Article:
|Collection:||Cambridge, Harvard University Art Museums|
|Summary:||Side A: Theseus and Sinis. Side B: Draped youth.|
|Ware:||Attic Red Figure|
|Painter:||Attributed to the Alkimachos Painter|
|Date:||ca. 470 BC - ca. 460 BC|
H. 0.327 m.; D. 0.175 m.
Unbroken and in good condition; some scratches and abrasion, particularly on Side B.
Side A: Theseus is about to kill Sinis by the same method used by the brigand when dispatching his own victims: he has bent down a fir tree and will use its tension to tear Sinis to pieces. With his left hand the hero holds the bent tree, its leaves and branches rendered in added red, and with the other hand clutches the wrist of Sinis, who falls backwards to the right, clinging for life to the trunk of the fir. The brigand is nude and wears a red wreath in his wild, unkempt hair. Theseus wears a belted chitoniskos and a red wreath. Between the figures is a nonsense inscription in two lines. Side B: A youth with a red wreath in his hair is walking to the right, but looking back to the left. He is completely mantled in his himation, which covers both hands.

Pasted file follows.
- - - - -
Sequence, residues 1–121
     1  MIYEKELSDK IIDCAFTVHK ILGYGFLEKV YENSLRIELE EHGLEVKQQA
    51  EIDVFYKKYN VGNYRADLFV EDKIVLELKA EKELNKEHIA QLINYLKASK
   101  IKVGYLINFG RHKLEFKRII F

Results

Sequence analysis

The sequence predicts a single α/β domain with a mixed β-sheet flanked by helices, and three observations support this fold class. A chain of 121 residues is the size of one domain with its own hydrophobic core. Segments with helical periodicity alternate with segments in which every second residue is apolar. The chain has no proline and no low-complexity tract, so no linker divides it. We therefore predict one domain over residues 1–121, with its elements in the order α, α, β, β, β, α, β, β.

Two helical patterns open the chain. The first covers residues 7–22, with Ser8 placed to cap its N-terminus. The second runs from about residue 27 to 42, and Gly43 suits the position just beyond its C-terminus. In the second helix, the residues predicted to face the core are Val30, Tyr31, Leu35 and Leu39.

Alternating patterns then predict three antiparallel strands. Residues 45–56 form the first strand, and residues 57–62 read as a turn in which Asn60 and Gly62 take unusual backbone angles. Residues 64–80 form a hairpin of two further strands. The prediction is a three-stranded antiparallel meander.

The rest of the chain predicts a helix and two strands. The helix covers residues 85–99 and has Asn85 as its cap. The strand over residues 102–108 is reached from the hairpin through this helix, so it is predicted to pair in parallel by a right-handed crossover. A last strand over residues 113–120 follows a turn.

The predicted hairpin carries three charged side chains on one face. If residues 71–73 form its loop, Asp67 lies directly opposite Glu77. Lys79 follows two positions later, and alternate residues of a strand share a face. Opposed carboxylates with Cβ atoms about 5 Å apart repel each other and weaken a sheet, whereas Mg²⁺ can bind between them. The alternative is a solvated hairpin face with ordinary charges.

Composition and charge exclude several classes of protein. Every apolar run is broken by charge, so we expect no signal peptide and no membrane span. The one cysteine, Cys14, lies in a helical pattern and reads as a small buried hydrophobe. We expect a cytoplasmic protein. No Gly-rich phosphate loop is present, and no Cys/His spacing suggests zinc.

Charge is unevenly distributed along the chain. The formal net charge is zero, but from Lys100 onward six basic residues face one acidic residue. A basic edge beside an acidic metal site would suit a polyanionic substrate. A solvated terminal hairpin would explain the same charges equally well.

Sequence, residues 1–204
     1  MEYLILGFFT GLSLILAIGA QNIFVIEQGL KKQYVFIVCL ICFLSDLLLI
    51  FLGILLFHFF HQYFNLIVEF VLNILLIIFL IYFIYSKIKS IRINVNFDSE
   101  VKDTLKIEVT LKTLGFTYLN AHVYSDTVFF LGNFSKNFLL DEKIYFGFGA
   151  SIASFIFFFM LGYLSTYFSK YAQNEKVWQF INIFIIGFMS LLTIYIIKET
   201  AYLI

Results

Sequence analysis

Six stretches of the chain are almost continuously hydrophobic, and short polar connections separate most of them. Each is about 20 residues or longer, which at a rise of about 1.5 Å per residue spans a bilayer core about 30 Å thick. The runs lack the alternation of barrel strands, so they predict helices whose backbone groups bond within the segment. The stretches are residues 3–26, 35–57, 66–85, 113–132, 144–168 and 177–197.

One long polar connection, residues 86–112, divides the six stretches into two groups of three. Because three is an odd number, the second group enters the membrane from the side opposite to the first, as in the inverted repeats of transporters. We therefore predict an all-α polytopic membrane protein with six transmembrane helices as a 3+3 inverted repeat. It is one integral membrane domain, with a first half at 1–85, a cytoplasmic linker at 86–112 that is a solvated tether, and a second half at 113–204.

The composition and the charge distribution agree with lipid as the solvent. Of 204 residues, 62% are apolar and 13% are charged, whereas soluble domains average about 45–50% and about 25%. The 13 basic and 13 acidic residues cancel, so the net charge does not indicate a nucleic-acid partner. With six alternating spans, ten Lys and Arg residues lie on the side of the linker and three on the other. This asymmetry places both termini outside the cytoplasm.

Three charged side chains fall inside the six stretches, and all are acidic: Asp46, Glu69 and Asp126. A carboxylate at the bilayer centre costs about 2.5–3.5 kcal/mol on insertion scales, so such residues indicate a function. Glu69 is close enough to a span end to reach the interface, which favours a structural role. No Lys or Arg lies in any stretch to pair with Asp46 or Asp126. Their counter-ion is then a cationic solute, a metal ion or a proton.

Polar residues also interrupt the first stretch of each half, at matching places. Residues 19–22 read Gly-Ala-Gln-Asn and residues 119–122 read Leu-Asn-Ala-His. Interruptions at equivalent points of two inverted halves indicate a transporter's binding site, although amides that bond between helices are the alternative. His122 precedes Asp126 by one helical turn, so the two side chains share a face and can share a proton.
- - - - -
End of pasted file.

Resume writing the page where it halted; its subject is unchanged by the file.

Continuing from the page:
The rest of the vase is black, except for the reserved lower edge of the foot and the groundlines below the figures, each of the latter consisting of a band of linked maeanders to right.
Nolan amphora with triple handles.
On the bottom of the foot:
Gift of Mr. E. P. Warren.